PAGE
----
Sunday, September 30, 2012

The Evacuation of the Great White North

The depths of autumn have reached Algonquin.  Fall colors have peaked and so has the migration, and now most of the sombre-plumaged warblers have left the Park and the sparrows have replaced them. They too will soon be gone, and the Park will once again become a silent, dreary place. I will join the birds in only a few weeks, but for now I'm enjoying the tail end of the migration and some of the most beautiful scenery in Eastern North America.




The birds, too, have been pretty good. A lot of the resident species have become conspicuous again, including male Spruce Grouse in vain attempts to attract females. They won't succeed, because it isn't Spring, but the birds, influenced by the similar daylength and temperature, will try regardless.


As for myself, like the birds that I spent the summer with, soon I will bid goodbye to Algonquin and be en route to the tropics. I have been living in this Park for almost six months from late April, and witnessed the big influx of life into the Northwoods in Spring,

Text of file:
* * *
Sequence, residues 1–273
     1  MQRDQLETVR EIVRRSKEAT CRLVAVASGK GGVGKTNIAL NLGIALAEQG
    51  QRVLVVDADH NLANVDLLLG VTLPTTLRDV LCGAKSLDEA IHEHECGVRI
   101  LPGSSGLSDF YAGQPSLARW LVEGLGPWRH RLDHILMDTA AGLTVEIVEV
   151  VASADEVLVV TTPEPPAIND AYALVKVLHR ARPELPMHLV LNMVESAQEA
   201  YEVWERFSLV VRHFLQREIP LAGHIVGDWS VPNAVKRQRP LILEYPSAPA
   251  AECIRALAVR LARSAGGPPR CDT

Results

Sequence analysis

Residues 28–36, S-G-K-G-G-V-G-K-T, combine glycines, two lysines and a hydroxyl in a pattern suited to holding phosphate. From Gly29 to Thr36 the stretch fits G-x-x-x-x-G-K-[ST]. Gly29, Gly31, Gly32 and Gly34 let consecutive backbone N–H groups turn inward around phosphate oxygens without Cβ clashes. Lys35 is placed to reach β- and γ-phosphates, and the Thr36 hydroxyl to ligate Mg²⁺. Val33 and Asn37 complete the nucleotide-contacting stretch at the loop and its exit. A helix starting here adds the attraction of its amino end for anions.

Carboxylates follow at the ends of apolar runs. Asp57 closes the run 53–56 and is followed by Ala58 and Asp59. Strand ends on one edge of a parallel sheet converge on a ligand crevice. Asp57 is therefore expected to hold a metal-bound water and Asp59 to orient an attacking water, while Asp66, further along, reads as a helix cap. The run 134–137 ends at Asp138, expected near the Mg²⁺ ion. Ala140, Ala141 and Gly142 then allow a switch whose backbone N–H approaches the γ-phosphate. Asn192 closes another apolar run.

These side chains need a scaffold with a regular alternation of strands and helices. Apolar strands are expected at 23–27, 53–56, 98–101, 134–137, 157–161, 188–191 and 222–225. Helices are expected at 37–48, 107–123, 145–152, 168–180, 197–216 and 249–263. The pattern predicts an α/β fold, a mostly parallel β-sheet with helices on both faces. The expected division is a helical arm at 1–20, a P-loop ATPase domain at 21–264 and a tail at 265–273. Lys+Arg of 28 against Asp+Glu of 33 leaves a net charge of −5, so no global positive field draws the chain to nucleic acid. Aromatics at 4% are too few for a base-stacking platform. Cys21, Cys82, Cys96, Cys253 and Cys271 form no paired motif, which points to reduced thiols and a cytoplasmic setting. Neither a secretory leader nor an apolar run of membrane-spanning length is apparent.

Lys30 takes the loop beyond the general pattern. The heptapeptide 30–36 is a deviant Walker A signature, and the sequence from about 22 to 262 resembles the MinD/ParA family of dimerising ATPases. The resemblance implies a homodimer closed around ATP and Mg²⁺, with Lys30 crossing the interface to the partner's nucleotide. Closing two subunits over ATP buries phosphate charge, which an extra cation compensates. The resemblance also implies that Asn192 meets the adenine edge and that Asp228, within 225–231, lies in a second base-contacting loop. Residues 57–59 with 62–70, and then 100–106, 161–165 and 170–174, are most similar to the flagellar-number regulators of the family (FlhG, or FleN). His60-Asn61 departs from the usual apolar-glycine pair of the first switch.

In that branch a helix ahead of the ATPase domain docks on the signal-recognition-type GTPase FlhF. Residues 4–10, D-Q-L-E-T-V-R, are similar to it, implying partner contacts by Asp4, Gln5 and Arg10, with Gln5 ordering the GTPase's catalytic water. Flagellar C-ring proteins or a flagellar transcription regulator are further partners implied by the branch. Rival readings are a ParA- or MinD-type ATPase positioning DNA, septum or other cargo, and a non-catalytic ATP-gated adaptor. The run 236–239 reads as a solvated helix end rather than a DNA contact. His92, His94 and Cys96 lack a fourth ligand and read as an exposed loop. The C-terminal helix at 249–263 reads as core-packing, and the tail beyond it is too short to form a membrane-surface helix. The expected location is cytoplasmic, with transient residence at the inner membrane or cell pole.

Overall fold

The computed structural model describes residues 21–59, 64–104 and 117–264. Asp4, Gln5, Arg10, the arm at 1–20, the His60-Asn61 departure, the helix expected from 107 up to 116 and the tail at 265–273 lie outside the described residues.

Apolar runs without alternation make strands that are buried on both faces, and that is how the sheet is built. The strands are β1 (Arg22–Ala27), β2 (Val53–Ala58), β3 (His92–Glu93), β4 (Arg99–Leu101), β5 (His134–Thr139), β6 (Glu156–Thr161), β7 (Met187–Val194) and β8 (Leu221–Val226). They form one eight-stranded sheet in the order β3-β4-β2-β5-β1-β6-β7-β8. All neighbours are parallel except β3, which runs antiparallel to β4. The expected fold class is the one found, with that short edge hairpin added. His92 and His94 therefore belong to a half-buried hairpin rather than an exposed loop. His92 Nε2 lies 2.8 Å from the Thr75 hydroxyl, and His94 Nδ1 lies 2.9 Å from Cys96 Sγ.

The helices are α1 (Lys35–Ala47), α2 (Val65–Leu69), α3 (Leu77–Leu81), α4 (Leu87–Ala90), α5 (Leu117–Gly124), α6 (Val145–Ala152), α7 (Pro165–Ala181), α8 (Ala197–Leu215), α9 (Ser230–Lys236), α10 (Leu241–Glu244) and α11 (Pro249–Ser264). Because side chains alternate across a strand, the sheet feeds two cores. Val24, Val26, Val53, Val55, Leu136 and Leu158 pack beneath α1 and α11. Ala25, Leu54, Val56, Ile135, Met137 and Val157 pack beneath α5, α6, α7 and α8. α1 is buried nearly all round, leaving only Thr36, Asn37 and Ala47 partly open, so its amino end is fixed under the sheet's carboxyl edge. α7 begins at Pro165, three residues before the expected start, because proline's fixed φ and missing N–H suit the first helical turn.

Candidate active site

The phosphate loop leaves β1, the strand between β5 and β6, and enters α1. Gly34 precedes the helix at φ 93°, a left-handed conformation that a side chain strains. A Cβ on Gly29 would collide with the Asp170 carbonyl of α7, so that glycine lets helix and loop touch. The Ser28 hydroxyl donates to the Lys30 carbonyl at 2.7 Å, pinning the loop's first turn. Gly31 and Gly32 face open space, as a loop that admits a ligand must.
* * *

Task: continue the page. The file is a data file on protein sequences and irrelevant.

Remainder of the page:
and now the great evacuation of life in Autumn in preparation for the Winter.


Not all life will leave, for there will still be much around to those who can find it, but for the most part the Northwoods will be a very lonely, quiet place.

The tropics however, will be hoppin'. Migrant birds will be settling in and by the time February rolls around much of the residents will have already been singing vigorously. In March, the Ficus will be in fruit and Lovely Cotingas will come with it. Bellbirds will make their way up the mountains to breed in the cloud forest. And I will be there to see it happen. 

Before all that however, I'll head to the northern recesses of Ontario....(New Liskeard) to band some of the last migrant songbirds and owls, attend a weekend of debauchery in North Bay, and otherwise see how much trouble I can get into in this country before I move on to the next one. Expect interesting updates.


Monday, September 17, 2012


Hey y'all,

Nothing exceptionally exciting (it's Algonquin in Fall, remember?) However, Kyle Holloway, a good birding friend of mine, has put together the following clip, concerning our seabirding adventures to Chile and the Falkland Isles this past Spring. I thought many of you would like to see it.

It's pretty outrageous. Enjoy -

Southern Royal Albatross
Southern Royal Albatross

Friday, September 14, 2012

Lev goes Salamandering